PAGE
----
Entertainment

Rolling Stones ask Trump to stop playing their songs

The Rolling Stones have asked presumptive Republican presidential nominee Donald Trump to stop playing their songs at his campaign events.

Neil Young, Adele among others who asked Trump campaign to stop using their music

The Rolling Stones have asked presumptive Republican presidential nominee Trump to stop playing their songs at his campaign events. (Lucas Jackson/Kamil Krzaczynski/Reuters)

The Rolling Stones have asked presumptive Republican presidential nominee Donald Trump to stop playing their songs at his campaign events.

In a statement Wednesday, the rock band said they have not given permission to the Trump campaign to use their songs and "have requested that they cease all use immediately."

A Trump campaign spokeswoman didn't immediately respond to a request for comment or say whether they had a licence to play their songs.

Trump, an avid music fan, has featured Rolling Stones songs at his rallies for months as part of a diverse soundtrack that includes Elton John, opera and classic rock songs. The Rolling Stones' 1969 classic You Can't Always Get What You Want was a popular song for his events, and during an event on Tuesday night, the campaign played Start Me Up.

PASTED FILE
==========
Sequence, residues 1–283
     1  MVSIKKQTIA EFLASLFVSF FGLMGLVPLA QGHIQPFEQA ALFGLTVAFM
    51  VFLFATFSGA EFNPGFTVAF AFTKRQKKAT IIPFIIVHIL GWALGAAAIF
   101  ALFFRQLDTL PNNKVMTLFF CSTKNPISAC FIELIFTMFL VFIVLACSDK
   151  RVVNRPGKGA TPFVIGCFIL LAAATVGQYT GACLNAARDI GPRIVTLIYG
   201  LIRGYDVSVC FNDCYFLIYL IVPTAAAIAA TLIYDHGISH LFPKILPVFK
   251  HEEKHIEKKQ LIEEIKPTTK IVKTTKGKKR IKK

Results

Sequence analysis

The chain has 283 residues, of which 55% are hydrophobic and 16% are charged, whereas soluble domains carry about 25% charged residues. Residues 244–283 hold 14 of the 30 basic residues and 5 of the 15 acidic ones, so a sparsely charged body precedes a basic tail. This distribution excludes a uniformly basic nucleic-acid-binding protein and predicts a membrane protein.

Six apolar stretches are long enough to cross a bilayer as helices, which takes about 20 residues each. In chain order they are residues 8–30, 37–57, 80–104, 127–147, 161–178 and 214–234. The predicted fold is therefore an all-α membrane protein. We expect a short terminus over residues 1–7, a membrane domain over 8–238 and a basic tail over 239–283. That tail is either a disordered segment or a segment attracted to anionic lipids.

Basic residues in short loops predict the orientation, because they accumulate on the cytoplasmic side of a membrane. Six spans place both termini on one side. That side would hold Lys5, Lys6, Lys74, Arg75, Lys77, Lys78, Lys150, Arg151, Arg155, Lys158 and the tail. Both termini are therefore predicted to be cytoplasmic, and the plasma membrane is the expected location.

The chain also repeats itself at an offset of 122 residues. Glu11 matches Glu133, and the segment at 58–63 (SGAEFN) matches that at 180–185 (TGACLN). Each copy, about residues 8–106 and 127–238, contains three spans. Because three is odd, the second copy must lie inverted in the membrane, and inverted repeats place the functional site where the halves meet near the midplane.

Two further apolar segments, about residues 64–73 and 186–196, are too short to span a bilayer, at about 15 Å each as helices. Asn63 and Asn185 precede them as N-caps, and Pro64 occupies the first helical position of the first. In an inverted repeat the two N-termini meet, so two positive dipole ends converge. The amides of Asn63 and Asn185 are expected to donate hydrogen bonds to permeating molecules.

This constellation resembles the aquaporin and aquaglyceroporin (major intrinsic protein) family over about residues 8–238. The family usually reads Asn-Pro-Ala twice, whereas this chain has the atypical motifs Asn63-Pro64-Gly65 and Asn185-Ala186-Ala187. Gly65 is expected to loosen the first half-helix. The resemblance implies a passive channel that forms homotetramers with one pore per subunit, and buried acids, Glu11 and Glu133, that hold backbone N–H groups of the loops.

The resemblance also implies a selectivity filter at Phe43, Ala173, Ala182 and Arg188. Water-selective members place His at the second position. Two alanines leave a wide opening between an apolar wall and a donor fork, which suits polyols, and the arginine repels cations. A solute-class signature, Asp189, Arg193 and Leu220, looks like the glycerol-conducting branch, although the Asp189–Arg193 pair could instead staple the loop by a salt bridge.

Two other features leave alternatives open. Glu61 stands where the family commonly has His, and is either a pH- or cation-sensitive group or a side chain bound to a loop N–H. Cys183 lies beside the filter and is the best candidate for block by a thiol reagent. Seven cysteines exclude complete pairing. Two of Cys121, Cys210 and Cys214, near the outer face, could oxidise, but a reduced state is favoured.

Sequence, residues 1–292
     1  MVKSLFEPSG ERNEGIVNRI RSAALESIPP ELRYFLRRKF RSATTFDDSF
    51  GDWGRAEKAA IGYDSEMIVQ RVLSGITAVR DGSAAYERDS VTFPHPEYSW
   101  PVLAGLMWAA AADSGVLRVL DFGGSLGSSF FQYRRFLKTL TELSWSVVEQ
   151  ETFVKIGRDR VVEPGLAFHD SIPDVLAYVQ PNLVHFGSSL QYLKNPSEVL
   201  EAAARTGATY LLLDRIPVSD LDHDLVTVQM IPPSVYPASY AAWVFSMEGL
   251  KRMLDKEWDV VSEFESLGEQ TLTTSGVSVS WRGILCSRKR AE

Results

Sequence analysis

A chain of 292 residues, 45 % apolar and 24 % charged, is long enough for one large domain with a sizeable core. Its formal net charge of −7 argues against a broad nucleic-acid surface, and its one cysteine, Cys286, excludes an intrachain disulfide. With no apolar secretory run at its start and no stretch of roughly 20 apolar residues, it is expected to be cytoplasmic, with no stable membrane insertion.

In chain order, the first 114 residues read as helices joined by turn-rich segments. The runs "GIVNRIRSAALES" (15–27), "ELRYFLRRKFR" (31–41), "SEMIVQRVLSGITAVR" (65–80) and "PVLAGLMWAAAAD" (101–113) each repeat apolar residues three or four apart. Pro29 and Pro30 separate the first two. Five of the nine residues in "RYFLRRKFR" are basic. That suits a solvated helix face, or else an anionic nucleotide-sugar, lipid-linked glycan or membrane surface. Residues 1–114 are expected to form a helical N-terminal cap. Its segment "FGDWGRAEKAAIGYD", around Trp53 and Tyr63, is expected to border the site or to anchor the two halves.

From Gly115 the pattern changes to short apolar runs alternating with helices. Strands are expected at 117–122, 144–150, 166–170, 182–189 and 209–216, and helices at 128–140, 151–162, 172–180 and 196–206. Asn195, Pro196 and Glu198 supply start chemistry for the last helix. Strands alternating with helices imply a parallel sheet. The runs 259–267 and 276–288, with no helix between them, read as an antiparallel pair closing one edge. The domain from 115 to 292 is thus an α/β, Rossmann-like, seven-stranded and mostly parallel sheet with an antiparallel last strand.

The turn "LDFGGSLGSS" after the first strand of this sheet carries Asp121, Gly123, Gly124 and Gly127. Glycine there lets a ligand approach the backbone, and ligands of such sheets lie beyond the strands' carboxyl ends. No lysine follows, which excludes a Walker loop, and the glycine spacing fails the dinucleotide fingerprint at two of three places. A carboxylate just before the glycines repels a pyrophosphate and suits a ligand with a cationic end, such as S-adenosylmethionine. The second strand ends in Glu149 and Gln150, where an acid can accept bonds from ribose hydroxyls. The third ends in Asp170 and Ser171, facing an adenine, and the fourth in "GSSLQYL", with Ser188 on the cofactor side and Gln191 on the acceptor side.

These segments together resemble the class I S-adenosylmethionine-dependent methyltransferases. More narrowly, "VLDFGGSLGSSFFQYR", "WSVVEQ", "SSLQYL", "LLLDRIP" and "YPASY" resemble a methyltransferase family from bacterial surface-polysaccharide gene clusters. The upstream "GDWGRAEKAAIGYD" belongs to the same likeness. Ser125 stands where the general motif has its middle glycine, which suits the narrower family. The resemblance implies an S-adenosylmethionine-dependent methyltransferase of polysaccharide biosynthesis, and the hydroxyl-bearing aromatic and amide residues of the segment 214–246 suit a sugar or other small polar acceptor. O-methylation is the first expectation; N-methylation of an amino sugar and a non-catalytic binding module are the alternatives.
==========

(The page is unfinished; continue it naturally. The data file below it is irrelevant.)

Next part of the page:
Artists say stop

Adele and Aerosmith frontman Steven Tyler both asked the candidate to stop using their recorded songs to fire up crowds.

Neil Young, a supporter of Democratic presidential hopeful Bernie Sanders, objected to Trump's use of his hit Rockin' in the Free World in 2015. (Trevor Hagan/Reuters)

Neil Young objected when the real estate mogul used Rockin' in the Free World during his campaign kickoff announcement last year.

R.E.M. also asked Trump to stop using their song It's the End of the World. In those cases, the Trump campaign stopped using the songs. 

Political campaigns don't need artists' permission to play their songs at rallies as long as the political organization or the venue has gotten what's known as a blanket licence from the performing rights organizations ASCAP and BMI for all the music in the licencing group's repertoire.

But artists do have some recourse. BMI, for example, has said it has a provision in its licence agreement that allows BMI songwriters or publishers to object to the use of their songs and they have the ability to exclude those songs from the blanket licence.

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